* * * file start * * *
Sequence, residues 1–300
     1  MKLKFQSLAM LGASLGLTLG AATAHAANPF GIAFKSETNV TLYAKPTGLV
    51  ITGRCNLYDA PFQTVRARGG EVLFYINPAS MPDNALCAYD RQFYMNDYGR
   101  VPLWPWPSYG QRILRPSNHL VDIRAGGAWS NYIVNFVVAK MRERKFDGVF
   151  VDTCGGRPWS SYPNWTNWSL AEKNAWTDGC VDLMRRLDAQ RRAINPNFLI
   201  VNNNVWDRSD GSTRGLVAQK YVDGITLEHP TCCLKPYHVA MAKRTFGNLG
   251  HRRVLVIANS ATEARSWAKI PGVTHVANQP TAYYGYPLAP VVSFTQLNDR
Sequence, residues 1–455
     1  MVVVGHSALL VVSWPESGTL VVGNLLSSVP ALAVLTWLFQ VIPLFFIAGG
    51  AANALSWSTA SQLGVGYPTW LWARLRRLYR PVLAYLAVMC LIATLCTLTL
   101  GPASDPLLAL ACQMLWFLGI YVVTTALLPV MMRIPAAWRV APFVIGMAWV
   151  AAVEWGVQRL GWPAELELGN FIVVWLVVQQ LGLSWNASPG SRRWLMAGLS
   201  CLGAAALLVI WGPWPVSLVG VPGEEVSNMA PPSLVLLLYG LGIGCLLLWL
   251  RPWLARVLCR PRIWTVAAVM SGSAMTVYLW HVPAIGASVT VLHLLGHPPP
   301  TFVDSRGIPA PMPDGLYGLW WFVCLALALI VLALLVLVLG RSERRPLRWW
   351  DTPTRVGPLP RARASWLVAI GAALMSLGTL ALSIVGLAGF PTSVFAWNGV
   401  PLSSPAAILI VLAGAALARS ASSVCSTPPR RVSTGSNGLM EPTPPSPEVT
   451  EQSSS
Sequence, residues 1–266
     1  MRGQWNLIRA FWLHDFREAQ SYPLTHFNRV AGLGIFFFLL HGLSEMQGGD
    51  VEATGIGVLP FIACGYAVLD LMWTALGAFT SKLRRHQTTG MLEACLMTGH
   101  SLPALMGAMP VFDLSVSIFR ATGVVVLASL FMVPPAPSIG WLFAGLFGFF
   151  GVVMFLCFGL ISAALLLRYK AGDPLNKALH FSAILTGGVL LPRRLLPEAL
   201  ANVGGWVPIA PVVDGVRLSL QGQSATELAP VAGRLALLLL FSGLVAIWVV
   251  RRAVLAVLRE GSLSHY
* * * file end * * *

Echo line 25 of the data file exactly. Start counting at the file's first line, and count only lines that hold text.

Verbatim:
   251  RRAVLAVLRE GSLSHY